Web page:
Tuesday, October 8, 2013

Learning to Be a Graceful Winner

A swim team picture from the summer.  

Sunday afternoon, the boys piled into the van.  Their expressions reflected their sour moods.  (Truthfully, mine wasn't much better!) They knew of our afternoon plans and were none too pleased about the destination: Connor's swim meet.  What they've learned about being a spectator at a swim meet is that it's a never-ending experience.  (Connor attempted to give them a pep talk by saying, "Hey guys, it's only five hours!")  

As a seasoned spectator at many a sport, I give kudos to swim team parents and siblings.  In my humble opinion, they are at a level above any other sport parent.  What they endure to watch a loved one swim says volumes about their affection for that child. Swim spectators cram into a finite set of bleachers in sweltering temperatures.  The meets last so long that a parent can literally feel himself or herself age.  

And for those lucky parents that have other children in tow in the stands....well, they should be nominated for sainthood.  I was one such parent this weekend.  To keep my little ones occupied during the meet required enough electronic devices to stock an Apple Store.  In between video games, they became "regulars" at the concession stand.  (Are there ever enough Ring Pops?)  Periodically, we'd gaze out at the pool trying to catch a glimpse of the few nanoseconds that Connor was actually swimming.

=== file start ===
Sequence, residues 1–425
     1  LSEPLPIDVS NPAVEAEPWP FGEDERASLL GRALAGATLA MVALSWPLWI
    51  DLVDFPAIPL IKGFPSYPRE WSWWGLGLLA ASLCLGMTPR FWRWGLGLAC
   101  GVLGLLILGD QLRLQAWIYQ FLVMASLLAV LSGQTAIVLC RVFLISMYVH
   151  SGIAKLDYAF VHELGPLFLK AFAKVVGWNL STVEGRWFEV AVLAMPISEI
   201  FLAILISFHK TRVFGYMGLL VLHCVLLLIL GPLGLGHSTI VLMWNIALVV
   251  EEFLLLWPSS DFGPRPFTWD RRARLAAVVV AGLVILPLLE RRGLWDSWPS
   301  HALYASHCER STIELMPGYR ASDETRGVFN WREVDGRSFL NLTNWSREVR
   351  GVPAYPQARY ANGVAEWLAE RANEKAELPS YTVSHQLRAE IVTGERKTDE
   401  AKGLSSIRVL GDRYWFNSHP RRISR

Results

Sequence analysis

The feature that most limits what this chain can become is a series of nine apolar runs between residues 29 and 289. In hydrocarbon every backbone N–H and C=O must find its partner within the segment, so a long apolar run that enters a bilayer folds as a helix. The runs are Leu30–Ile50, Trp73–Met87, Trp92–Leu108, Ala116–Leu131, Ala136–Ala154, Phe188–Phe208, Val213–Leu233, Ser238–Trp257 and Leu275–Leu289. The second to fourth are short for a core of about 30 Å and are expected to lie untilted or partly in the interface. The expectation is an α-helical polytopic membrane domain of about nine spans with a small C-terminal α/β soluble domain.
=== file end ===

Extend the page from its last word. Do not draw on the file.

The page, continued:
When he was in the pool, it was great.  After a few years on the swim team, Connor is finally getting it.  His strokes look more polished and his stamina has improved.  In each race, he shaved seconds off his PR, enough to win first and second place awards in several of his races.  We were thrilled!

After the meet, I pulled Connor into a bear hug and congratulated him on his fine finishes.  He beamed and then recounted a conversation with a swim buddy.  Connor said, "I told my friend, 'I have so many first and second place awards that I don't know if I can hold them all.'"

I smiled and winced at the same time.  I pondered, "Did he really say that?"

I've always known that we needed to teach our children how to lose gracefully.  The sore loser thing is something that's plagued them all (me too at times).  But I had no idea I needed to spend an equal amount of effort teaching them to win.  (Perhaps because our gang has not had enough practice winning!)  I want the boys to savor each win, but I also hope they enjoy success with a substantial amount of grace, humility, and sensitivity toward others.

Puzzled by how to respond, I googled, "How to be a Gracious Winner."  No surprise: WikiHow provided some answers.  In a post entitled, "How to be a Good Winner" the website guides readers through nine easy steps to perfect the art of winning (complete with photo examples).  The advice I found helpful to pass along to the boys includes:

  • Don't boast about it.  Be modest.
  • Tell people who might want to know.
Later, I talked to Connor about winning with sensitivity, using his voice not so much for boasting, but for encouraging others - a good lesson for us both.


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